Kansas Professional Licensing Defense Attorney Recent Examples of License Revocations by Missouri State Board of Nursing

There are many reasons that nurses can have their license threatened, but the grounds usually involve standard of care issues, substance abuse, and/or criminal convictions.  We have discussed these types of scenarios in a hypothetical sense in past blog posts.  However, sometimes the best way to develop a genuine feel for scenarios that end up resulting in a license suspension or revocation is to look at actual adverse actions taken by a nursing board.  This blog provides an overview of actual recent administrative cases that resulted in the suspension or revocation of a nursing license.  Because there are so many cases involving the theft or misuse of narcotics with similar fact patterns, these cases are not discussed below.

Failing to Respond to a Complaint

A nurse’s license was revoked by the Florida nursing board when she ignored an administrative complaint.  The actions constituted conduct that would merit discipline in Missouri where she was currently practicing.  The nurse contended that she did not oppose or respond to the allegations because she had no plan to return or ever practice nursing again in Florida.  She also contended that she thought the Missouri Board of Nursing would reinvestigate the issues, relieving her of the need to respond to the Florida complaint.

Fraud or Misrepresentations of Licensing

Example 1: During 2011, the facility that employed a nurse discovered that her license had lapsed during a routine license check of employees.  The check, which was performed in 2011, revealed that the nurse’s license on file expired in January 2009.  The nurse submitted a “copy” of a purported “license” that was allegedly issued by the Missouri State Board of Nursing with an expiration date of May 31, 2012.  However, the document was determined to be falsified because the board stopped including dates on licenses on January 1, 2010.  Further, the person named as the Director of the Division of Professional Registration, who signed the document, actually left the agency prior to the date the license was allegedly executed.

Example 2: The licensee voluntarily surrendered her vocational nursing license in Texas.  When re-applying for a practical nursing license in Missouri, the licensee indicated she held a license in Louisiana with no disciplinary actions against the license but failed to disclose the Texas license and discipline.

Failing to Call NTS or Provide Samples for Drug Testing

There are many license suspensions and revocations based on the failure to call into the NTS in a timely manner and failing to provide a urine sample for screening when designated to provide such an exemplar.  The failure to comply with probation terms after an initial disciplinary matter constitutes the largest number of actual cases of license revocation in Missouri.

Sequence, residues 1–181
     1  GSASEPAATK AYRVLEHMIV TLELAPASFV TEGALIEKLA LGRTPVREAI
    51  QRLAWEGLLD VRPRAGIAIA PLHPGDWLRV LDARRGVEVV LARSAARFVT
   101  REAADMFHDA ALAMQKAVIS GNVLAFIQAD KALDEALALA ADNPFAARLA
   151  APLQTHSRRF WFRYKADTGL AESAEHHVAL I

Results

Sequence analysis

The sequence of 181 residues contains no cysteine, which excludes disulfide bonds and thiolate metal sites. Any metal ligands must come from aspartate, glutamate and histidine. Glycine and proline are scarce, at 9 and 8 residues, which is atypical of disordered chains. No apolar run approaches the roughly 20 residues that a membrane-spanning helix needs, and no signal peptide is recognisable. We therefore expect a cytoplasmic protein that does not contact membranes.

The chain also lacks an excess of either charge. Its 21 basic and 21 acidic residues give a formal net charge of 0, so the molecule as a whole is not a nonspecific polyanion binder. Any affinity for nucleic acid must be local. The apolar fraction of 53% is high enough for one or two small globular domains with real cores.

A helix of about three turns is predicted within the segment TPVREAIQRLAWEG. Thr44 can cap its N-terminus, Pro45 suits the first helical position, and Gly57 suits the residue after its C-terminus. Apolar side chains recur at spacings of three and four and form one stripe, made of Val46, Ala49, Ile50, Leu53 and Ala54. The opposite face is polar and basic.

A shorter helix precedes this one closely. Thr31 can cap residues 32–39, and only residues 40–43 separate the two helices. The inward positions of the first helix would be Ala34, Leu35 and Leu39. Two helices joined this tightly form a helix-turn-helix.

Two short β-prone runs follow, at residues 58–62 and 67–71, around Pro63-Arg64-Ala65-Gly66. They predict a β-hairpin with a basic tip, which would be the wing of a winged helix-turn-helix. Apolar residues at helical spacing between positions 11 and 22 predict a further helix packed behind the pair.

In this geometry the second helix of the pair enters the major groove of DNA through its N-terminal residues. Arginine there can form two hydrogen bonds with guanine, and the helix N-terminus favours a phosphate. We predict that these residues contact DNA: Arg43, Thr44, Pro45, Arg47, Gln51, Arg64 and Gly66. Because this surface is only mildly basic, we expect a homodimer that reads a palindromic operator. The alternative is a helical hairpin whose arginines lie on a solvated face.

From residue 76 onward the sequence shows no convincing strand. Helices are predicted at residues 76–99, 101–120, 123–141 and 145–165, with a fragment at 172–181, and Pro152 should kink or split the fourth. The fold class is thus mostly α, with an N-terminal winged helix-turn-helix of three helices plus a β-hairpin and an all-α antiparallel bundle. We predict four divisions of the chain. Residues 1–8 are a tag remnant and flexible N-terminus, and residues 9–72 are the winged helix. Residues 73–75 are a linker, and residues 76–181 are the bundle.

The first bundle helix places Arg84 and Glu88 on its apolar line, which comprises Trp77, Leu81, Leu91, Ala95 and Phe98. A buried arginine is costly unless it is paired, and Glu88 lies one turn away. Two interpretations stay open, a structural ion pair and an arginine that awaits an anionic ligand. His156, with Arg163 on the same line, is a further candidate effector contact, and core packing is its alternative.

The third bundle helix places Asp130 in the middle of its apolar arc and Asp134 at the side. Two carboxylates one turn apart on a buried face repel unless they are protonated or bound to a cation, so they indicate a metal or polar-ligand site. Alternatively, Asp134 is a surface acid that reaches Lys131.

Criminal Convictions

Example 1: The Licensed Practical Nurse pled guilty to a misdemeanor for passing a bad check and was convicted based on the entry of two separate guilty pleas on separate occasions within a seven month period.  The criminal convictions came to light when the nurse failed to comply with a hospital policy requiring two nurses to sign off on the delivery of narcotics.  The nurse also charted the administration of hydrocodone on multiple occasions before the prescribed period of time had elapsed without a 2nd nurse’s signature.

Example 2: When her original application for a license was submitted, the nurse failed to disclose that her license had previously been revoked for a criminal conviction. After her license lapsed which necessitated an application for renewal.  The renewal was granted based on misrepresentations and fraud.  Her license was eventually revoked after NURSYS submitted a complaint because of her previous out-of-state convictions for possession of a controlled substance and carrying a concealed weapon.

Example 3: The respondent was accused of using the social security number and identification information of three patients.  One of the patients reported that the nurse used the information of a deceased relative to open a cell phone account.  The nurse’s license was revoked after the nurse was convicted of the Identity Theft, which constitutes a Class C Felony.

These are just a handful of examples of license revocations recently issued in Missouri.  If you have questions about your specific situation, we invite you to contact us for a confidential initial consultation.  If your nursing license is in jeopardy, Professional Licensing Attorney Danielle Sanger is prepared to investigate the allegations against you and aggressively pursue available defenses to protect your nursing license.  If you are facing a complaint in front of the Kansas State Board or Nursing or Missouri State Board of Nursing, Kansas Professional Licensing Defense Attorney Danielle Sanger represents nurses facing disciplinary proceedings, so call us today for a free consultation at 785-979-4353.